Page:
A world class project to improve our river. Who could possibly object?

In the lead up to the 2020 Noosa Council election, the Bring Back the Fish project strangely, unexpectedly emerged as a political issue.  

Despite delivering environmental benefits to the long neglected river and lakes system and with a 2:1 subsidy for rate-payer contribution, a month before the election Mayoral candidate Clare Stewart declared the project a failure.

A month later she was elected Mayor by just over 300 votes, then maintained her opposition, voting against the project on six occasions at Council meetings over the next two years. Each time she was supported by Councillor Lorentson and four times by Councillor Finzel.  

Nevertheless, with majority support from Deputy Mayor Frank Wilkie, and Councillors Jurisevic, Wegener and Stockwell, the project went ahead. Elsewhere around Australia, similar reef building projects were unanimously embraced by local councils with strong community support.

Now a survey of Noosa’s reefs nine months after their construction shows healthy initial progress vindicating the vision of the project’s original proponents – the Noosa Parks Association and the Thomas Foundation – and their supporters including the Noosa Biosphere Reserve Foundation, the Noosa Integrated Catchment Association, The Nature Conservancy, Environmental Service Professionals (ESP) and the four Noosa Councillors.   

Consistent oyster settlement has taken place at the four reefs, with settlement of more than 800 oysters per square metre at the Goat Island reef – a result described as ‘dramatic’ by reef managers.  As well there has been an increase in fish species and families. Nudibranchs, anemones, octopus, have all been recorded, some using the reefs for shelter or food, others taking up residence. While there may be future challenges for this long-run project, initial progress is good, 

Yet in February 2020 – influenced by a few who felt their families were being unfairly blamed for historical environmental damage to the river and over-fishing of prawn stocks – Ms Stewart was reported as saying: 

“There is a view we should not be dumping dead oyster shells from other systems into our river. Residents are disgusted at the blatant and disgraceful waste of ratepayer dollars.

“Many of those residents who have discussed this with me are of the opinion that the dead oyster shell fiasco was doomed to fail.  People who are experienced with the live oyster and fish populations in the river will tell you that dead oyster shells are simply that … dead shells. They have no life and they attract no life.”

Yet studies show oyster shells are the preferred settlement material for juvenile oysters. From its extensive experience, including in Chesapeake Bay and New York Harbour, The Nature Conservancy incorporates cleaned oyster shells collected from restaurants in substrate when restoring reefs.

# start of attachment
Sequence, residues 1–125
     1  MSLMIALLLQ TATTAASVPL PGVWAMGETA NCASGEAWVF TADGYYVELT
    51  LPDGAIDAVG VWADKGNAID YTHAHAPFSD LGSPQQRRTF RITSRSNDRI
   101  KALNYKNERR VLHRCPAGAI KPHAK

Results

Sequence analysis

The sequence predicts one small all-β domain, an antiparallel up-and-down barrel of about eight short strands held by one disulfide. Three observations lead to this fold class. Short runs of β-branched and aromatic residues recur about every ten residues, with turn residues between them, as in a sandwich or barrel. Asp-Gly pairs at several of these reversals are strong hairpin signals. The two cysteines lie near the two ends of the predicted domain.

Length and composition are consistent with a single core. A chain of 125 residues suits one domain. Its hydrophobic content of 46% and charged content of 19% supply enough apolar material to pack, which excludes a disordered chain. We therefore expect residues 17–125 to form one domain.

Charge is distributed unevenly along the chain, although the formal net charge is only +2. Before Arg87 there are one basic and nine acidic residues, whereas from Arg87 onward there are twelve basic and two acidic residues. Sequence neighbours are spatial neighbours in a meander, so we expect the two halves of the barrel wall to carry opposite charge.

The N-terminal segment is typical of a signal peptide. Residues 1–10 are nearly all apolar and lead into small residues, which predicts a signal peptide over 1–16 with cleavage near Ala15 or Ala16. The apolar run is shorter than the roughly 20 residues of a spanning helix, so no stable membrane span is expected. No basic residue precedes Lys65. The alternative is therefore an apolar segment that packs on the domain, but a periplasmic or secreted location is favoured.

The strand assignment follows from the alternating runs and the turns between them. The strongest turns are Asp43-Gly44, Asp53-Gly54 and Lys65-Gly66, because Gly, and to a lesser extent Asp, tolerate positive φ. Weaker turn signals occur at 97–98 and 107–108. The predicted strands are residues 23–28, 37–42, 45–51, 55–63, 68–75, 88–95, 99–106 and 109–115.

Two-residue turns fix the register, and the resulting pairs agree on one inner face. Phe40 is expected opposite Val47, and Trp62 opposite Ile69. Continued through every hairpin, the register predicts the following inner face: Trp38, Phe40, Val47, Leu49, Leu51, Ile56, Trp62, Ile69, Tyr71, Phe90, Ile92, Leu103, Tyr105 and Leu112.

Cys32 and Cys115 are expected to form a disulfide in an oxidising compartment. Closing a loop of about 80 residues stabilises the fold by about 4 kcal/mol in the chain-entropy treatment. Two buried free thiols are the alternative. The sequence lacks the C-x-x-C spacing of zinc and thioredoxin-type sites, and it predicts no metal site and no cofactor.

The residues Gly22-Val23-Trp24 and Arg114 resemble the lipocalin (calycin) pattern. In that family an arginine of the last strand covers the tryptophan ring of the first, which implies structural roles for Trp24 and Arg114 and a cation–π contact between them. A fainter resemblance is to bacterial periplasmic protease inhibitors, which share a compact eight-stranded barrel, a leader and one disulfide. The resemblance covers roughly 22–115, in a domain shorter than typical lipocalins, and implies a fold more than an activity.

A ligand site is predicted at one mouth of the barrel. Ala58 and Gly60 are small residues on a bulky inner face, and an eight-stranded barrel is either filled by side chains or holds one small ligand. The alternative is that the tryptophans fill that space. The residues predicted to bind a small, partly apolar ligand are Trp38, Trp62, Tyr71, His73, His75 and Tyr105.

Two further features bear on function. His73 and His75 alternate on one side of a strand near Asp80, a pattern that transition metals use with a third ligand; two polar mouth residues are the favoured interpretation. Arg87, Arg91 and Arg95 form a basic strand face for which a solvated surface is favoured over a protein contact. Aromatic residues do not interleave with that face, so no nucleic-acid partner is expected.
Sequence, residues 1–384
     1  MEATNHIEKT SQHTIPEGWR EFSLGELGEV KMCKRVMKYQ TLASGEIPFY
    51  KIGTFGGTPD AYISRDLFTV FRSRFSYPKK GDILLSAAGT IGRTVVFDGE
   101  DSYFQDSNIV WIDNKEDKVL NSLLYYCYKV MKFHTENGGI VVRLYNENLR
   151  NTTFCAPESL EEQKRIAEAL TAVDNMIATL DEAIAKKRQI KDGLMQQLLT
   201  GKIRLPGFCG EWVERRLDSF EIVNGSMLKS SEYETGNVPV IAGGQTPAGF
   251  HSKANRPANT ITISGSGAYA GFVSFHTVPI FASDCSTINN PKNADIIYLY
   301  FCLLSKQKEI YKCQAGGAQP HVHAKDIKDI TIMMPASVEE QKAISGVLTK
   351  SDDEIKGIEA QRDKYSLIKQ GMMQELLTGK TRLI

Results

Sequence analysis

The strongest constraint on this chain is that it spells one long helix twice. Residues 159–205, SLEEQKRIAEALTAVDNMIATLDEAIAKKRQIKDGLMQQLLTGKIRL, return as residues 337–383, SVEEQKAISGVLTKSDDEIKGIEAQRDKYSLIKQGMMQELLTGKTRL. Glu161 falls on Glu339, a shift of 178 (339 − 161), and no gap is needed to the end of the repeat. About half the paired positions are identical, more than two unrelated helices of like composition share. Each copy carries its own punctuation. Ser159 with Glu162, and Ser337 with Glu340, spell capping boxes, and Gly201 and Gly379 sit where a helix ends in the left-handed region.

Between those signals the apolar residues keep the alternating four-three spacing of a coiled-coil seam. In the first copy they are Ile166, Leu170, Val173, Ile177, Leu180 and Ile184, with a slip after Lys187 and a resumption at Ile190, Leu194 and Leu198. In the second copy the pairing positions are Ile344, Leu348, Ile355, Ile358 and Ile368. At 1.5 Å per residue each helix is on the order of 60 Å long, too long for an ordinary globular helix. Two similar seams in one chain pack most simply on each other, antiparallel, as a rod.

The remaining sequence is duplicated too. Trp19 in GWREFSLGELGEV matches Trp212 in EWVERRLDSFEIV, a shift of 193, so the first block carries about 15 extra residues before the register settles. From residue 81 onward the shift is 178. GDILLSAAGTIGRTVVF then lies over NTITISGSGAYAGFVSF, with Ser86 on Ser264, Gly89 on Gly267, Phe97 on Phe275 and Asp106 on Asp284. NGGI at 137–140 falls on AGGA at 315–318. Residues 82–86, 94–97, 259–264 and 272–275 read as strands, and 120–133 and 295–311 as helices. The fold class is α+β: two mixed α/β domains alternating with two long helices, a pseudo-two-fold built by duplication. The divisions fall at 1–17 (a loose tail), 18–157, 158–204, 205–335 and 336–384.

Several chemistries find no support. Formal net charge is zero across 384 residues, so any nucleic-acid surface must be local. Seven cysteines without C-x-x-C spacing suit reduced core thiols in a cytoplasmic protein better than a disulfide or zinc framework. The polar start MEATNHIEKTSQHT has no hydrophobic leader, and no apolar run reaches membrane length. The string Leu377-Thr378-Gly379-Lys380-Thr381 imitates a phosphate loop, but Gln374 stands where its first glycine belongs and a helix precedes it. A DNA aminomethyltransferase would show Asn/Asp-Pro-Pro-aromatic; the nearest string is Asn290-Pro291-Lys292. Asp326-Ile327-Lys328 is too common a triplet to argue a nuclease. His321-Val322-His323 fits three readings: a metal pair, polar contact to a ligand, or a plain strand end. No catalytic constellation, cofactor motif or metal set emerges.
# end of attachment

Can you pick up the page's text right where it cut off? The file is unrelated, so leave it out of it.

Studies also show that a hectare of rebuilt oyster reef filters 2.7 billion litres of water annually, removes 166 kilograms of nutrient pollution and produces 375 kilograms of new fish.

In 2013 The Thomas Foundation provided seed funding for TNC’s Great Southern Seascapes (GSS) initiative for the restoration of degraded bays and estuaries in Australia. Reef restorations were central and Bring Back The Fish was integrated into GSS. In Noosa, high school student participation was successfully encouraged. You can see a film here of one student’s engagement – The Oyster Gardener : ABC iview

The Kabi Kabi’s traditional links to the reefs have been reinstated, with a smoking ceremony at Tewantin and naming the reefs after deceased spiritual leader Huon Mundy.

With GSS’s success and embrace by local communities, the Federal Government allocated $20m for Reef Builder grants, with $1.2m ear-marked for Noosa.

Then-Mayor Tony Wellington said at the time: “This is a rare opportunity to work with the world’s most trusted conservation organisation on a major local project. With the $1.2 million being offered, and a philanthropic donation by the Thomas Foundation, we have an offer too good to refuse. The big winner here will be the Noosa environment.”

Noosa is recognised for its progressive environmental initiatives over 60 years, and now as a place fortunate enough to have its river system improving thanks to the Bring Back The Fish project.

As the endorsed LNP candidate for the seat of Noosa, will Ms Stewart continue to represent the handful of opponents of this world-class project to improve our river?  Or will she join what I believe to be a huge majority of locals who are proud of what’s being achieved?


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